Peeters’ counterpart in Brussels, Mobility Minister Elke Van den Brandt, said that the speed limit reduction will also apply to the roughly 5 km of the ring managed by Brussels.
While the move means that a majority of the motorway’s 75 km will be affected by the change, the news could also bring a new type of headache for motorists, as it remains unclear whether Walloon authorities will also apply the changes on the 18 km under their control.
Last year, as Flanders unveiled plans for the speed reduction, Wallonia’s road safety minister, Valerie de Bue, said she had doubts about the “pertinence” of reducing the speed limit on the Walloon part of the road and advocated for “dynamic speed management.”
A spokesperson for de Bue did not immediately reply to a request for comment.
According to Peeters, cutting back the speed limit, will boost Flanders’ capacity to meet their climate commitments.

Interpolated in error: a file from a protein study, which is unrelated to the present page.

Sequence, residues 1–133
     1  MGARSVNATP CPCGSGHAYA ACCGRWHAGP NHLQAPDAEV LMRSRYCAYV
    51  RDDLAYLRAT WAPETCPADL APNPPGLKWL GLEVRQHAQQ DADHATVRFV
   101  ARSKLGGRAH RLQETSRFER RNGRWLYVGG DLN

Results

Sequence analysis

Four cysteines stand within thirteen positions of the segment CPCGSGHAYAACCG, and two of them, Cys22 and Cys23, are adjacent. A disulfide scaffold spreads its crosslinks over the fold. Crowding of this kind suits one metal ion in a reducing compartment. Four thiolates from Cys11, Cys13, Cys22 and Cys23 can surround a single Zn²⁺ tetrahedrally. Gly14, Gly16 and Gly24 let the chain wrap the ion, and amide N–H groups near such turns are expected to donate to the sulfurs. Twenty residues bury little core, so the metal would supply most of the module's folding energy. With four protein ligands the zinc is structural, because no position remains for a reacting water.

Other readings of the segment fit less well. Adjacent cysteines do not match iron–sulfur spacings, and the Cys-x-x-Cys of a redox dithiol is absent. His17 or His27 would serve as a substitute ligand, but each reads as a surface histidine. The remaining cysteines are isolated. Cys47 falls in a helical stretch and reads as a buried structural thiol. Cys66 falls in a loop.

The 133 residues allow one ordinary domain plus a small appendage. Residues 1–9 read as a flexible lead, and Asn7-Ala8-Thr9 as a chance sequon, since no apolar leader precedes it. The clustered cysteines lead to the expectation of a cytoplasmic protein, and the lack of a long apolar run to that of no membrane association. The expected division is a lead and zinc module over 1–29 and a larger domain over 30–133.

“Reducing the speed to 100 km/h on the Brussels Ring will have a positive impact on CO2 emissions as well as on local air quality,” Peeters said.
Unveiled last year, Flanders’ was fiercely criticised by climate action groups who accused the Dutch-speaking region of scaling back their emission reduction goals and hurting Belgium’s chances of reducing emissions nationwide.
While some studies have shown that reducing drivers’ speeds on motorways could cut carbon emissions by up to 30%, the measure has gathered little support among residents, as other studies show that the effective benefits depend on a range of factors.
In a 2019 study, the EU’s environment agency (EEA) said that motorist’s driving patterns, type of vehicle and the frequency and severity of traffic jams played a major role in the effective reduction of overall carbon emissions.